Get in on the channel-cat action

May 13, 2007|By BILL ANDERSON

After the very heavy rains in April, the Potomac River is relatively clear this month. That means good conditions for catch-and-release fishing for spawning smallmouth bass.

The locals also are enjoying some very good channel cat action. Channel catfish are the second most popular gamefish found in the Potomac, and they are very well-adapted to feeding in a variety of water conditions, even the high and cloudy waters we often have in the spring.

May is always a good month for big channel cats, and the recent reports from Harpers Ferry up to the Dam No. 5 area, indicate that nice channel cats are being caught using a variety of baits and techniques.

The following are some of the best approaches to take advantage of the channel-cat action.

·Rigging for catfish: For many years, I have been using a sliding sinker rig that is basically the same principal as the "fish finder" rig that is standard in saltwater fishing. This variation is better in rivers like the Potomac, where you usually lose a lot of terminal rigs to rocks.


You build this rig as follows: Before tying on the hook, you slide an egg sinker onto the running line. Attach the hook at the end of the line with a good knot. (I like the Palomar knot.) Then, about eight inches above the hook, attach a small split shot. The resulting rigging keeps the egg sinker from sliding down to the hook. But when a fish takes the bait, the line can run freely through the egg sinker which is the same principal as the saltwater fish finder rig, but is cheap and easy to replace when you get hung and lose the terminal tackle, which you will.

A more elegant variation that a friend uses is to attach a barrel swivel to the running line and then use a short leader to the hook of a lighter-weight line than the running line. The idea is when you get hung on a rock, the lighter leader will break and you lose only the leader and hook. It's a pretty good approach.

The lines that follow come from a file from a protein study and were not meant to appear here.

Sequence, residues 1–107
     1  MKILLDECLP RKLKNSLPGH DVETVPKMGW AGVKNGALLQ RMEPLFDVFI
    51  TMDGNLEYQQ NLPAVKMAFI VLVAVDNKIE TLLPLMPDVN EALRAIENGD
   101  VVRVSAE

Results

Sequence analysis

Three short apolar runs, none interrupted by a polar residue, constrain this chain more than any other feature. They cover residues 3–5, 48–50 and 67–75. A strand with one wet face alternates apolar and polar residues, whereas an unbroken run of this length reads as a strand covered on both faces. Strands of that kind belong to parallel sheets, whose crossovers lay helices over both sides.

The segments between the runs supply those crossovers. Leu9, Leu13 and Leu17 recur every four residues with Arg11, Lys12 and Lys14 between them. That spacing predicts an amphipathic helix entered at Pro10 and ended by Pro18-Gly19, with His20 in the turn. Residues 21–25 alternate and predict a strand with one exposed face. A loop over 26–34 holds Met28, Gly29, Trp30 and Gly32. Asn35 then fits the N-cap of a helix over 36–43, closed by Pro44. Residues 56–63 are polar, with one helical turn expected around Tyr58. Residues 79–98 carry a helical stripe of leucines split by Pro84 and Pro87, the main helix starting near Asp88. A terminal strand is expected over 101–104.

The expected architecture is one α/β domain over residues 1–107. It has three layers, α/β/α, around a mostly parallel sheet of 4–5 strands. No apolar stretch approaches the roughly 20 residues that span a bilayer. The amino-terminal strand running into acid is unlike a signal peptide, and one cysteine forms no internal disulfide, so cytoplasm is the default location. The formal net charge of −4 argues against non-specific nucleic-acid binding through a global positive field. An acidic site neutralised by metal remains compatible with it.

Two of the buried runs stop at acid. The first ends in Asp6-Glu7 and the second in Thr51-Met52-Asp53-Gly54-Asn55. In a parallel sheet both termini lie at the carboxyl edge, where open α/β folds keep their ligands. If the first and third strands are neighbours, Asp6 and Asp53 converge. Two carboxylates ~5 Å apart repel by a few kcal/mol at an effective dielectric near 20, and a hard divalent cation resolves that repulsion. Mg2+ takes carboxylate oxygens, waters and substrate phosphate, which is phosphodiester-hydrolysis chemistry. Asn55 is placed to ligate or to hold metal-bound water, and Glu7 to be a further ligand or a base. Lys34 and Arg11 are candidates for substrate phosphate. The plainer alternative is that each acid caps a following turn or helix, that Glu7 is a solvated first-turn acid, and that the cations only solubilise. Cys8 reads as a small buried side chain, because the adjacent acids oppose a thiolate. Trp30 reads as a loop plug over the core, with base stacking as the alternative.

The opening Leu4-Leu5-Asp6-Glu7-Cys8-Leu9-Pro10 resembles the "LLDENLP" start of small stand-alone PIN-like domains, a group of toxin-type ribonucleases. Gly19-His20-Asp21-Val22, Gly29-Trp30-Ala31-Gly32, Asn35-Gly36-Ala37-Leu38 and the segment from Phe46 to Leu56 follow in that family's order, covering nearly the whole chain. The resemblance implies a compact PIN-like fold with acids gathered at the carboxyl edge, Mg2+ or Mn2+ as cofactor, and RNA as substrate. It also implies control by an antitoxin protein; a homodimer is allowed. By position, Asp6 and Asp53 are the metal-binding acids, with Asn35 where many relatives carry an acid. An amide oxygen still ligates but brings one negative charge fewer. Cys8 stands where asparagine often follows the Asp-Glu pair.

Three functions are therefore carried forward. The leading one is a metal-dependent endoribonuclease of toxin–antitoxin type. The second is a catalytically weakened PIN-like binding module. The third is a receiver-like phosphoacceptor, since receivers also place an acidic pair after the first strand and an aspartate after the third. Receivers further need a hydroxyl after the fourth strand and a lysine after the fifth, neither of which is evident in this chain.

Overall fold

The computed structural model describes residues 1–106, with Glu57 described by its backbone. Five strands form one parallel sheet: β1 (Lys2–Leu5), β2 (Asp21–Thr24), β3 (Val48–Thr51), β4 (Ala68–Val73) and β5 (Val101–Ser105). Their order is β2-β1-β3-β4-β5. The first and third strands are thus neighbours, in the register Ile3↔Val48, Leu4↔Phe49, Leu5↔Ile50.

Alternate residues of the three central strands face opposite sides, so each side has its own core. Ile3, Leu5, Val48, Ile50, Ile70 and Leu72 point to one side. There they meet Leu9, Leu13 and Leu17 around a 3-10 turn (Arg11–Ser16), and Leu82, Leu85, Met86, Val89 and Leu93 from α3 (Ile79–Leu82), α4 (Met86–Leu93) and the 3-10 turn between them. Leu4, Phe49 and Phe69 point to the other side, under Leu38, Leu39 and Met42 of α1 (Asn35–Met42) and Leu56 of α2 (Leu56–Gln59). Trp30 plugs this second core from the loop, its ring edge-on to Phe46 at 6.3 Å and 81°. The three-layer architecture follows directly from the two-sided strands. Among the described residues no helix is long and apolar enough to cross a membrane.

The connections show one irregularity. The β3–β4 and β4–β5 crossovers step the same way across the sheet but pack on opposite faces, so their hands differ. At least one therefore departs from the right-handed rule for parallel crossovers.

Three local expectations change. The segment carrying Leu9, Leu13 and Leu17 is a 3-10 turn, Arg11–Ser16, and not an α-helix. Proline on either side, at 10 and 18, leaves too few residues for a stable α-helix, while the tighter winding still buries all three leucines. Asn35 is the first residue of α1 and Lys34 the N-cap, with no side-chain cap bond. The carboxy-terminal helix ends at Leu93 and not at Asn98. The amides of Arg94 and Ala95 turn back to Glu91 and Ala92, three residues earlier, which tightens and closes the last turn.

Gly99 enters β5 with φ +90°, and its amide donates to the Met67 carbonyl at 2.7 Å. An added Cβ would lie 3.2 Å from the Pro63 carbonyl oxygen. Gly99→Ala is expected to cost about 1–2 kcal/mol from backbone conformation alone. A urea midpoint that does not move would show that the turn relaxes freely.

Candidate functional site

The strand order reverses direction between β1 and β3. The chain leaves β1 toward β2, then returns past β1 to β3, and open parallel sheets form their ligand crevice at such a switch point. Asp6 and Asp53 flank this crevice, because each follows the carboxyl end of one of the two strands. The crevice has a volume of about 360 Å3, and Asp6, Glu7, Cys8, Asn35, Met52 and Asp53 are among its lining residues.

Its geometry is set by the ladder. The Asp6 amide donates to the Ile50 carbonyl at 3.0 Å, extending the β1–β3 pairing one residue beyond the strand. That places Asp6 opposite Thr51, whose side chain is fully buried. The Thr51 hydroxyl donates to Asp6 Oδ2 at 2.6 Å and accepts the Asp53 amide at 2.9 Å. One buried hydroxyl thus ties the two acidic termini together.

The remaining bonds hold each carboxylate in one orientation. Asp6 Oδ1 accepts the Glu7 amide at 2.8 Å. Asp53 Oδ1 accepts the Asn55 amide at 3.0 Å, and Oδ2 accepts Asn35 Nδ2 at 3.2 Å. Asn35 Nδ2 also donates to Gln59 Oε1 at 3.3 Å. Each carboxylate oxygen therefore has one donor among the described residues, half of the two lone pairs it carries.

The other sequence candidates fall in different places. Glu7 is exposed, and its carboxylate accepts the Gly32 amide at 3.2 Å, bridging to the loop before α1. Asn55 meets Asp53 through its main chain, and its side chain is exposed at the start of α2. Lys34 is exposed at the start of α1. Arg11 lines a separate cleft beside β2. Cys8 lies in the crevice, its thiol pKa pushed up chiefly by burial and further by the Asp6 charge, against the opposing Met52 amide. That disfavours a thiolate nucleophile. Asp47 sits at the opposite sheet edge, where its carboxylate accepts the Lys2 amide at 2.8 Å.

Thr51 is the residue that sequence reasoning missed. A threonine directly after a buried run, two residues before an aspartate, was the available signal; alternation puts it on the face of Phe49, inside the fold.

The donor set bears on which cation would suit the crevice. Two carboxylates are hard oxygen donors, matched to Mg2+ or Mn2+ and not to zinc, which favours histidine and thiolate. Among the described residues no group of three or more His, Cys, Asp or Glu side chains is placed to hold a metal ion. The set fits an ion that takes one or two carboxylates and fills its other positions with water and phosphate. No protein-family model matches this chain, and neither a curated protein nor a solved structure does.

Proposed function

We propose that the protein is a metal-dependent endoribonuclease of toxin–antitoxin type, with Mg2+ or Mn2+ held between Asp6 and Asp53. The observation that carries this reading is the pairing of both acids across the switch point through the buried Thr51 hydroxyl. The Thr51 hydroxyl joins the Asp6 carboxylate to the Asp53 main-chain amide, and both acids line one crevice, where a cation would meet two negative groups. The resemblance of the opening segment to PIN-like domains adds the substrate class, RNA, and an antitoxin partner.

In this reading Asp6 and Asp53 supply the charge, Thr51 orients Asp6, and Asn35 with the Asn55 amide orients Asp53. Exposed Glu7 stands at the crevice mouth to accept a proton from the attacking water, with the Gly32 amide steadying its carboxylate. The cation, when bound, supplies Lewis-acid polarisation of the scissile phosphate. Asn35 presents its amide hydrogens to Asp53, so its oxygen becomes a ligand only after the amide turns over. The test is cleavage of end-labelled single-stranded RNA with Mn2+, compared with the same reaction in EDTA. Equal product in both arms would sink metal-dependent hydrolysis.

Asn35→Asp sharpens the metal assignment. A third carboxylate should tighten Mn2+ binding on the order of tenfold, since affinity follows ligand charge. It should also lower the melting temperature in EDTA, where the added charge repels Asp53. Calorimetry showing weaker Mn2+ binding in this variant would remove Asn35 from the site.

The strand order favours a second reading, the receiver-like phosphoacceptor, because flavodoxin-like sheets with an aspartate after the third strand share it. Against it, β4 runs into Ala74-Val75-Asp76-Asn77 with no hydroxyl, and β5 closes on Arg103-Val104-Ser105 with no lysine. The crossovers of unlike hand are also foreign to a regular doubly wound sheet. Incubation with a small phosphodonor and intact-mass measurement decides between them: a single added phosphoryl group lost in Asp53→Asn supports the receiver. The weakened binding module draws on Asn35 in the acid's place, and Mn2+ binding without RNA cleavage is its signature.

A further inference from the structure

·Catfish baits: Baits for channel cats range from live baits caught in local waters to all kinds of manufactured or commercial baits. To list the best baits would probably depend on who you talk with, but for more than 30 years, the go-to bait in our area is fresh chicken livers.

Many of the real expert cat fishermen I know prefer natural baits taken from area streams. That would include big creek chubs, suckers, stonecats and cutbait. Preferred fish to use as cutbait include suckers and fallfish. Chunks of fresh fallfish are a really good bait for larger catfish.

·Catfish tackle: I think the best tackle for channel cat is a medium weight baitcasting outfit. The big advantage is that you can put the reel in free-spool and let the fish run with minimum resistance. An outgoing clicker is also a nice feature on the reel.

For catfish, I like a fairly heavy rod (flipping rods are good) and a baitcasting reel loaded with 14-pound monofilament. If you go too heavy with the line, you will be hating life when you get hung on a rock and can't get the line to break near the hook.

Bill Anderson writes a weekly outdoors column for The Herald-Mail.

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